Other Provider Identifier State_1
Other Provider Identifier Issuer_1

Incredibly bad database design and wanted to know what you were able to figure out with the data. What is your final use of the data? I'm going to use the databaase lookup in a website from an outside vendor (Concur) for healthcare ID lookup.
  • 0

#12
dm27

dm27

    Member

  • Member
  • PipPipPip
  • 272 posts
Hello dmarshall05,

I'm not sure if the OP managed to work with the data. I know I did not pursue this topic any further after my last post in April 2010.

Best of luck with your analysis...

Sincerely,

dm
  • 0

#13
Luis C

Luis C

    New Member

  • Member
  • Pip
  • 1 posts
Hello,
I happen to run into this conversation and just started working on this same file to import it into Access and the exact problems are happening to me. DM27 were you able to do anything with this file?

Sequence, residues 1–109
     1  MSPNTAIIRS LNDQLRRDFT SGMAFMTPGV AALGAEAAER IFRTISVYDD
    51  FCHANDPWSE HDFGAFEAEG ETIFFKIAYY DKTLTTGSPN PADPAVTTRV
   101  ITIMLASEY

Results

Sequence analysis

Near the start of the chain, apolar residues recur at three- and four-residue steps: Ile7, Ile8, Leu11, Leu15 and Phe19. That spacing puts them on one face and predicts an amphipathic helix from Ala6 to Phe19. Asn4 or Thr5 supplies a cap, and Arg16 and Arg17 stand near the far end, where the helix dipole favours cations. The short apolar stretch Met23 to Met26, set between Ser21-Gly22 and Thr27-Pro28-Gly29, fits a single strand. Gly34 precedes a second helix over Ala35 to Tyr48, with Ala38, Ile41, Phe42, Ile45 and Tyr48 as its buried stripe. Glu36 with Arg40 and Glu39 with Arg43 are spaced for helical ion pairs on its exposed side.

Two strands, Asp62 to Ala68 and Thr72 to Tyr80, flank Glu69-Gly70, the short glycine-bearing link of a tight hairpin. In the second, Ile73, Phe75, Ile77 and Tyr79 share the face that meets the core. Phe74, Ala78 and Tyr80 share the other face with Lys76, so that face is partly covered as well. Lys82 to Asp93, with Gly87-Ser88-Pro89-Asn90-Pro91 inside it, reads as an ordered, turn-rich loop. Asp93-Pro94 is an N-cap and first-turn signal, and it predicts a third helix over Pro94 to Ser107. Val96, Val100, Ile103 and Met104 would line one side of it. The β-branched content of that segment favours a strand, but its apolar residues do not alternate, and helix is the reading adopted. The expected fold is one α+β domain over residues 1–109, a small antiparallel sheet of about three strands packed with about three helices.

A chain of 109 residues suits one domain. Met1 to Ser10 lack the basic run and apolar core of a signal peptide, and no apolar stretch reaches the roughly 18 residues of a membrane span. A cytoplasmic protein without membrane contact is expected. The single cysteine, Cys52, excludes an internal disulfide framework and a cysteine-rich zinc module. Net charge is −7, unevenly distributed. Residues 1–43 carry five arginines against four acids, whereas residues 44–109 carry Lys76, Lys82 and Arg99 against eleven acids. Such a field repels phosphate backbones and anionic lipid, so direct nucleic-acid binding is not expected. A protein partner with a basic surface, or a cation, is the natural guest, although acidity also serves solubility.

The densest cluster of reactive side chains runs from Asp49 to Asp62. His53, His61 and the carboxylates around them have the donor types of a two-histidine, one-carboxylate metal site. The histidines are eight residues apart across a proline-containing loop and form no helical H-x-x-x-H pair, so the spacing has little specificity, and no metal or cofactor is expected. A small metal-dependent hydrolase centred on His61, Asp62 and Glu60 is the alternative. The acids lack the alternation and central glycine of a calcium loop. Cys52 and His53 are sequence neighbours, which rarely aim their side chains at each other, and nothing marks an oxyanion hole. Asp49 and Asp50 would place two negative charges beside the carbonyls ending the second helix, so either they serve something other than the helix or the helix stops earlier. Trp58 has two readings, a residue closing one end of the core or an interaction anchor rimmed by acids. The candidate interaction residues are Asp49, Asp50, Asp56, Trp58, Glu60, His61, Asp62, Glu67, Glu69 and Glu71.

• 0

#14
dm27

dm27

    Member

  • Member
  • PipPipPip
  • 272 posts
Hello Luis C.,

Welcome to the forum! :happy:

To answer your question: No, I haven't tried anything else with this data since April 2010.

Sincerely,

DM
  • 0

#15
jg166

jg166

    New Member

  • Member
  • Pip
  • 1 posts
I got the csv splitter to work; however it split the nppes file into 14 smaller files. Once I finally got into the file, was disappointed to see that it only had taxonomy code..now I have to map it to the taxonomy description. Does anybody have that data mapping table already?
  • 0






Similar Topics

0 user(s) are reading this topic

0 members, 0 guests, 0 anonymous users

As Featured On:

Microsoft Yahoo BBC MSN PC Magazine Washington Post HP